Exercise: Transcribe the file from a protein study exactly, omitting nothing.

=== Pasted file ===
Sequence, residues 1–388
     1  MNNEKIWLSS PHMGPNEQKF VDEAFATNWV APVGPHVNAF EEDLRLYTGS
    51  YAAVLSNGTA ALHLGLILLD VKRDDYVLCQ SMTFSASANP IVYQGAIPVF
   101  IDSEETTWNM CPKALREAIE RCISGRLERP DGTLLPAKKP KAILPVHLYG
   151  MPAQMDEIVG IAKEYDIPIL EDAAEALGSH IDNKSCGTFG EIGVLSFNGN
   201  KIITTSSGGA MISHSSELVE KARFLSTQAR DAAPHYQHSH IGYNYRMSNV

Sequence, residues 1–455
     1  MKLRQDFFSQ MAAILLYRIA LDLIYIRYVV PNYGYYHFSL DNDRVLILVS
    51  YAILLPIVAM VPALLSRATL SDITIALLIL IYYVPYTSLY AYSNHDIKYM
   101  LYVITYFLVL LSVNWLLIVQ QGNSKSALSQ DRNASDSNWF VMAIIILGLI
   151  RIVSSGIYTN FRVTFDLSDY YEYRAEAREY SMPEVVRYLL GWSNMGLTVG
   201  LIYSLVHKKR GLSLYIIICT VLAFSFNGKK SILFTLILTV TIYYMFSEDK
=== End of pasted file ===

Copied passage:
Sequence, residues 1–388
     1  MNNEKIWLSS PHMGPNEQKF VDEAFATNWV APVGPHVNAF EEDLRLYTGS
    51  YAAVLSNGTA ALHLGLILLD VKRDDYVLCQ SMTFSASANP IVYQGAIPVF
   101  IDSEETTWNM CPKALREAIE RCISGRLERP DGTLLPAKKP KAILPVHLYG
   151  MPAQMDEIVG IAKEYDIPIL EDAAEALGSH IDNKSCGTFG EIGVLSFNGN
   201  KIITTSSGGA MISHSSELVE KARFLSTQAR DAAPHYQHSH IGYNYRMSNV

Sequence, residues 1–455
     1  MKLRQDFFSQ MAAILLYRIA LDLIYIRYVV PNYGYYHFSL DNDRVLILVS
    51  YAILLPIVAM VPALLSRATL SDITIALLIL IYYVPYTSLY AYSNHDIKYM
   101  LYVITYFLVL LSVNWLLIVQ QGNSKSALSQ DRNASDSNWF VMAIIILGLI
   151  RIVSSGIYTN FRVTFDLSDY YEYRAEAREY SMPEVVRYLL GWSNMGLTVG
   201  LIYSLVHKKR GLSLYIIICT VLAFSFNGKK SILFTLILTV TIYYMFSEDK